Chinese history based on 'inward transcendence:' Tang Prize laureate

2014/09/22 18:18:00
Chinese history based on 'inward transcendence:' Tang Prize laureate

Taipei, Sept. 19 (CNA) The development of the Chinese thousands of years of history was based on a trend of "inward transcendence," as opposed to an "outward transcendence" in Western cultures, the first recipient of the Tang Prize in Sinology said Friday in Taipei.

In a speech, the Chinese American historian Yu Ying-shih shared the focus of his 60-plus years of research on the development of Chinese history and highlighted the significant stages over the years.

He said there are two main approaches to the perspective of "scientific history" -- analysis based on a single event, as advocated by Fu Sinian, a Chinese educator and linguist who was influenced by German historian Leopold von Ranke; and emphasis on the overall transformation, led by Marxism.

"The two branches have had a major influence on me," said the 84-year-old Princeton University emeritus professor.

In his study of sinology, Yu said, he has been focusing on the internal development and the unique characters in Chinese history.

In his opinion, he said, Chinese history was developed on a trend of "inward transcendence," while Western cultures were developed on the principle of "external, outward transcendence."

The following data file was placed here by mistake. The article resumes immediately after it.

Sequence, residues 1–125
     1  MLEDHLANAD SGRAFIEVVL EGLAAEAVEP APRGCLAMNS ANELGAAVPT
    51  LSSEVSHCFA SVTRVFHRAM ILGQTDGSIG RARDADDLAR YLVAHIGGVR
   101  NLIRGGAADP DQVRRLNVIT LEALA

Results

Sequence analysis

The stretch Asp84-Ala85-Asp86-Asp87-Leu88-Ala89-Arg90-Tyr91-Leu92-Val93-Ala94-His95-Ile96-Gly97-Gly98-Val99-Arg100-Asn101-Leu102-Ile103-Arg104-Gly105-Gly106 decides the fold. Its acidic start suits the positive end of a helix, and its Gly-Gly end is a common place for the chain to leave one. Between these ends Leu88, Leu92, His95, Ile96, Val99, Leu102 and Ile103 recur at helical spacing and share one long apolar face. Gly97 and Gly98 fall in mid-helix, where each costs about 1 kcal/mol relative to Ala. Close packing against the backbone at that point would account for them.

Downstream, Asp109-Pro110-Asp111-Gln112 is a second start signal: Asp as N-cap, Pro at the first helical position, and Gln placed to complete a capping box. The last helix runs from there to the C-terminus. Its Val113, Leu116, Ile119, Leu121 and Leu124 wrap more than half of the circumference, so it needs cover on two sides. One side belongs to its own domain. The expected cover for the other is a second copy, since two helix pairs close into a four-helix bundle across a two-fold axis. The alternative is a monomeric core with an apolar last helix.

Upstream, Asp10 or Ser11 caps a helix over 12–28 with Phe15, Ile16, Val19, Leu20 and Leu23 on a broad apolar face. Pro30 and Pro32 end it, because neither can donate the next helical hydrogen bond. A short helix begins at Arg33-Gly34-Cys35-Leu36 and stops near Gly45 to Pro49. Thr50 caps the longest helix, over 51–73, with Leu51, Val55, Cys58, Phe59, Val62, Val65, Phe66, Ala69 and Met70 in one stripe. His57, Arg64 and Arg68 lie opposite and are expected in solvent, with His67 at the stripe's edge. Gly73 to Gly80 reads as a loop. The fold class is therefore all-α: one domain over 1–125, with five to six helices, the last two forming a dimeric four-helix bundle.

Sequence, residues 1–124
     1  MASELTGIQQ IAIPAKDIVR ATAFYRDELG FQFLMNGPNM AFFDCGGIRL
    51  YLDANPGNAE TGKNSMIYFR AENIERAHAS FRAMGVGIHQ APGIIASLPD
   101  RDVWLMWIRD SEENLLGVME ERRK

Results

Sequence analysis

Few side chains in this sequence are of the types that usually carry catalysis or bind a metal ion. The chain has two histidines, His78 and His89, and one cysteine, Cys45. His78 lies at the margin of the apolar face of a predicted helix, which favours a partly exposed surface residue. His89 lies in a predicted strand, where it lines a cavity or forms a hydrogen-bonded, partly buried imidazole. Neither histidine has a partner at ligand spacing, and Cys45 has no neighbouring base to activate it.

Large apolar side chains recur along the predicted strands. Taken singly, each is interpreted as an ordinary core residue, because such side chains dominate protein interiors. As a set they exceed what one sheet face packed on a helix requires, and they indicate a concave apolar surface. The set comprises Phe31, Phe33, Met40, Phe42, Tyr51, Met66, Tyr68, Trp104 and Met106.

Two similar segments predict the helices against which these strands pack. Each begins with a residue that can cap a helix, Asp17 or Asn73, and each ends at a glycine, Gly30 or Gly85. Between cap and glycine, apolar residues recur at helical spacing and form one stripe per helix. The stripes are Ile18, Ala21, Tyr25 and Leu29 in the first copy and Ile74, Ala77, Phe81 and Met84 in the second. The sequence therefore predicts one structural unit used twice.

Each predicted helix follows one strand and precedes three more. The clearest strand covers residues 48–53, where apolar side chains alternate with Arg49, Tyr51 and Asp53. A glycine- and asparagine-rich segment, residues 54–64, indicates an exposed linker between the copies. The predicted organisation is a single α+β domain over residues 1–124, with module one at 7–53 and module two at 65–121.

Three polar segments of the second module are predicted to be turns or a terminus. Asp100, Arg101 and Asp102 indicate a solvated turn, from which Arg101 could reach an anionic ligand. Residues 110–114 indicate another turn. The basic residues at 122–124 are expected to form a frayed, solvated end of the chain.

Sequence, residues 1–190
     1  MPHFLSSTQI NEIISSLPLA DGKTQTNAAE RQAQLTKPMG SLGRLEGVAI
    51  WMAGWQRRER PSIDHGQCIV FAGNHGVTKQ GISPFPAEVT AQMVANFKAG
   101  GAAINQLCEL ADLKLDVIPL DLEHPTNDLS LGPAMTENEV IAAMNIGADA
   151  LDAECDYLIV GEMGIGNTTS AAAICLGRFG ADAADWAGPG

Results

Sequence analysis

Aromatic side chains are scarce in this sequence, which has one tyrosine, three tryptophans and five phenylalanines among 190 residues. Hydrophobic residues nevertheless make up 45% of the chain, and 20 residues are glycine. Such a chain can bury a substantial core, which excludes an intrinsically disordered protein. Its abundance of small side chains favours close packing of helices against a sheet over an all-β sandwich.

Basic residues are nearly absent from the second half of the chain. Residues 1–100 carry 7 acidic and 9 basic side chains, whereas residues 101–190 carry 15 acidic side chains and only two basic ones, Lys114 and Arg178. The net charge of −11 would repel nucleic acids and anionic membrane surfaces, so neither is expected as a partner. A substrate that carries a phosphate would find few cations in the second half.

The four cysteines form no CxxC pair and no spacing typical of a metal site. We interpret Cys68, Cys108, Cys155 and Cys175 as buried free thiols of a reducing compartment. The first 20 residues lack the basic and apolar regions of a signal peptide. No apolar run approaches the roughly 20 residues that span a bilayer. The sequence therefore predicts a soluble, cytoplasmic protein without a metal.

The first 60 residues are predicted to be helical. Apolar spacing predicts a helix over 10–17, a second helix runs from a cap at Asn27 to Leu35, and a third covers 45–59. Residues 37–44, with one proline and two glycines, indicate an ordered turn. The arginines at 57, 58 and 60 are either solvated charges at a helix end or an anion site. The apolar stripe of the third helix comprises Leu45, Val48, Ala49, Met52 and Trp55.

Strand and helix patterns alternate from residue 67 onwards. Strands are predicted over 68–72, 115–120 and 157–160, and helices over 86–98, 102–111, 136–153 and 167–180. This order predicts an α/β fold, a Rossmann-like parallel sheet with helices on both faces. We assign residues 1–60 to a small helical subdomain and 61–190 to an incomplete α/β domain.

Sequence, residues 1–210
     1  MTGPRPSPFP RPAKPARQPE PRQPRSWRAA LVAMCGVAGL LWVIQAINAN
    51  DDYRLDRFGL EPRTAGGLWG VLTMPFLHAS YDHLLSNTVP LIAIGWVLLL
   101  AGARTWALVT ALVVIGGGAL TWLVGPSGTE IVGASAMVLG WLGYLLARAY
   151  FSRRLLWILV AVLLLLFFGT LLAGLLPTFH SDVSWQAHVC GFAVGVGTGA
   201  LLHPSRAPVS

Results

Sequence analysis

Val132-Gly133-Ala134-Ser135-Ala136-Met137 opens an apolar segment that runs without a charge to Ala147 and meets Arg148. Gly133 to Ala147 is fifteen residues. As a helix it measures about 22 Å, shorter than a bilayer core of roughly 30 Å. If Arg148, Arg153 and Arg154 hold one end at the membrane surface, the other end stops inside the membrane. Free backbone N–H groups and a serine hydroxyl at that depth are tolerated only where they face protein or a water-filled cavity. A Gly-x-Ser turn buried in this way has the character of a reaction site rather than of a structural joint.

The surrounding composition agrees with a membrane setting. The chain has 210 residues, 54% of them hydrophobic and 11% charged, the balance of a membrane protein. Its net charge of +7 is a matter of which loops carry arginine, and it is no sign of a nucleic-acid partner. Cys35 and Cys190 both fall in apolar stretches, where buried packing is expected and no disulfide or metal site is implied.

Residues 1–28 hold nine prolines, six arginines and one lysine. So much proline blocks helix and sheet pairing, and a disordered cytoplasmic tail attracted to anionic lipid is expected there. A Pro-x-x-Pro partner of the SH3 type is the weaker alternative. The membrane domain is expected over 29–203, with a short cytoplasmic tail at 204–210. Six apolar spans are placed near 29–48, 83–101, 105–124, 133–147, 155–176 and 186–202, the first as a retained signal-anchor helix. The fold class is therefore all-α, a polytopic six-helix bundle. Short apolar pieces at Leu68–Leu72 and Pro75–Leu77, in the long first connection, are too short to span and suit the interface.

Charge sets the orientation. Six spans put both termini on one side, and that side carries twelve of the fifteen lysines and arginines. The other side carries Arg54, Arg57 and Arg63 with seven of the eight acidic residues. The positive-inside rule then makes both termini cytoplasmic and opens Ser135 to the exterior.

"The transformation in each generation is the main focus of my research," Yu said during the 50-minute speech.

He cited the examples of the Three Kingdoms (220-280 A.D.), Jin Dynasty (265-420), and Southern and Northern Dynasties (420-589), which immediately followed the fall of the Han Dynasty.

During that era, there was a big clash between individual consciousness and group consciousness, he said. "Amid the conflicts, everyone tried to find a balance," he added.

Another focus of his research was the Song Dynasty, which is seen by many historians as one of the freest periods in Chinese history, Yu told the audience.

A significant change also occurred between the Ming Dynasty (1368-1644) and Qing Dynasty (1644-1912), when businessmen gained increasing importance in the society, he said.

Chinese civilization was developed individually, he said, stressing that it is not appropriate to analyze Chinese history by using a Western model.

Yu is known particularly for his research on the tradition of public intellectuals and the evolution of their identities and status.

In a breakthrough research project, he counted the Buddhist monks of the Northern and Southern dynasties and Sui and Tang dynasties among the public intellectuals, a pioneering concept at the time of its publication.

Yu's research on major Chinese intellectuals, including Fang Yizhi and Zhu Xi, has also reshaped the way scholars understand these figures in Chinese history.

The Tang Prize was established in 2012 by Taiwanese entrepreneur Samuel Yin to honor leading lights from around the world in four fields: sustainable development, biopharmaceutical science, sinology and rule of law.

Winners of the award are selected by panels of judges convened by Academia Sinica, Taiwan's top research institute. The panels comprise prominent researchers and scholars from Taiwan and abroad, including Nobel laureates.

The biennial prize takes its name from the Tang Dynasty (618-907 A.D.), a period considered to be the height of classical Chinese civilization, characterized by liberal policies and robust cultural activity.

(By Elaine Hou)
ENDITEM/pc


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